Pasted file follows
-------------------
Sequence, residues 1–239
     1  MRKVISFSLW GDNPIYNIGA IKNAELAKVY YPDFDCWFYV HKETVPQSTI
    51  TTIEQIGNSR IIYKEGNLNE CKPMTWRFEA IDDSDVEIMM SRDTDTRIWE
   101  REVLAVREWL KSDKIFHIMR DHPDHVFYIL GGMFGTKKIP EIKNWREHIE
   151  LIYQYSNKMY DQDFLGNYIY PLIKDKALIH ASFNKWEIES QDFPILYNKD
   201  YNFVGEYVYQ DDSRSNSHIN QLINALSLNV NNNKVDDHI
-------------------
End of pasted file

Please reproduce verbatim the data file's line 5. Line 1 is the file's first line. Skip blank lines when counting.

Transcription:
   151  LIYQYSNKMY DQDFLGNYIY PLIKDKALIH ASFNKWEIES QDFPILYNKD